Remeandering straightened rivers

Design Guidance

Restoring the sinuosity of a river can be achieved in a number of ways.  As remeandering results in changes to channel processes, a thorough understanding of fluvial geomorphology is essential.  The following types of approach have been identified: 

Allowing a river to recover sinuosity naturally

Meanders can be allowed to develop naturally in a straightened channel.  This requires minimal intervention and therefore has few cost implications.  However, its use in many systems may be constrained by several factors:

  • Artificially channelised streams with stream powers per unit width greater than 35 W/m2 can develop their own sinuosity over time (Brookes, 1987).  However, most lowland channels tend to have lower energy and are therefore not likely to develop meanders without intervention.  This means that natural recovery may only be suitable for watercourses with relatively high stream power. 

Natural remeandering in an overwide urban channel, River Ravensbourne. A gravel point bar has formed and revegetated on the inside of meander bend. Both banks have timber toeboard

Removal of timber toeboarding on River Ravensbourne allowing natural adjustment on outside of meander bend and new depositional forms to develop.

  • Where conditions are suitable for meander development, it may take several decades for geomorphological processes to restore the desired level of sinuosity (Brookes, 1992).  Soar (2001) suggests that the rate of recovery is a function of the geomorphological potential to expend energy; therefore, upland systems may be able to recover, whereas lowland, low-energy streams, which experience formative events less frequently, may take centuries to recover naturally.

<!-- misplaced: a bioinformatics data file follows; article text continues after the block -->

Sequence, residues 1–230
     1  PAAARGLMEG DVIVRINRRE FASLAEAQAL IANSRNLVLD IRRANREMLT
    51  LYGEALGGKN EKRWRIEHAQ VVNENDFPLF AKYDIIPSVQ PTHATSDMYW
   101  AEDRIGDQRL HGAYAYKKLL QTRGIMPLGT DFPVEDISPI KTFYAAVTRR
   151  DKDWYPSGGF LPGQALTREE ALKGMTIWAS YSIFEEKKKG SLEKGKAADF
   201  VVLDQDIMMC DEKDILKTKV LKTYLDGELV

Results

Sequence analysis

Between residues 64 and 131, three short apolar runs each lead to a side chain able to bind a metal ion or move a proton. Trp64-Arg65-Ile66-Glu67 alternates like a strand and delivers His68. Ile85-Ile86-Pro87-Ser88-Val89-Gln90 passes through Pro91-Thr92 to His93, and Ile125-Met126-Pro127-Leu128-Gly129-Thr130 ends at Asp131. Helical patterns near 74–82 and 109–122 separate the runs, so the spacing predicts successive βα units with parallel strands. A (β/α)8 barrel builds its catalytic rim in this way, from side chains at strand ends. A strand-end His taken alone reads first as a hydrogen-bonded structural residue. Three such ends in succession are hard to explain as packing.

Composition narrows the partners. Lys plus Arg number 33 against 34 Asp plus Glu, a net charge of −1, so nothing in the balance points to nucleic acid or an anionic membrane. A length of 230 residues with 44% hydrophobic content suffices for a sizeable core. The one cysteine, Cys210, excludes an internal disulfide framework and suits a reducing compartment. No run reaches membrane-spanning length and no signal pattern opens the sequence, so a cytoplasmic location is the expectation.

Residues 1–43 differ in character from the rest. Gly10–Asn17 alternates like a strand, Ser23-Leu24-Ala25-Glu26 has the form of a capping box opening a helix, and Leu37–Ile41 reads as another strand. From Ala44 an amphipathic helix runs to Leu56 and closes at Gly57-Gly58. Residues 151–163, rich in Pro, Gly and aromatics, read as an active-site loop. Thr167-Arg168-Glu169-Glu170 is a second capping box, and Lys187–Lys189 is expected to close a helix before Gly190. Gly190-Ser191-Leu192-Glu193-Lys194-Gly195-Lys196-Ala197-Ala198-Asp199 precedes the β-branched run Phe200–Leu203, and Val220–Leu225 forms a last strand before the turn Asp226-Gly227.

• Artificial bank protection and structures are frequently encountered on channelised rivers.  The presence of reinforcement prevents natural recovery and limits the use of this measure to straightened earth channels, unless these structures are removed (see Rehabilitation of banks and riparian zone for further guidance). 

In many cases, it may be possible to remove bank protection where there is room for the river to remeander naturally.

Improving sinuosity within a straightened river

Bank material, substrate and vegetation on alternate sides of the bank can be removed to create a sinuous channel (Buisson et al., 2008) (see below).  This technique is generally not suitable for very narrow channels where the channel is confined laterally.  Care should also be taken not to remove vegetation which is stabilising the bank, or which is valuable in terms of its conservation value. 

Schematic diagram of sinuous flow introduced into a straight channel through the selective removal of vegetation and substrate. Adapted from source: Buisson et al. (2008), p61.

As an alternative, it may be possible to introduce an element of sinuosity in a straightened river channel through the installation of structures to vary flow patterns (RRC, 2002).  For example, current deflectors and artificial shoals can be introduced on alternate banks to improve geomorphological diversity and introduce sinuosity.  These structures ideally utilise soft engineering measures, and can be comprised of wooden posts and logs which are driven into the bed and backfilled with sediment (RRC, 2002) (see below).  These measures have been used on the River Skerne in Darlington, although the success was reported to be dependant on the size of the structure and the level at which it is constructed (RRC, 2002).  See also Rehabilitation of banks and riparian zone.

Schematic diagram of sinuous flow introduced into a straight channel through the installation of current deflectors. Source: RRC (2002), Section 3.1. 

Reconnecting remnant meanders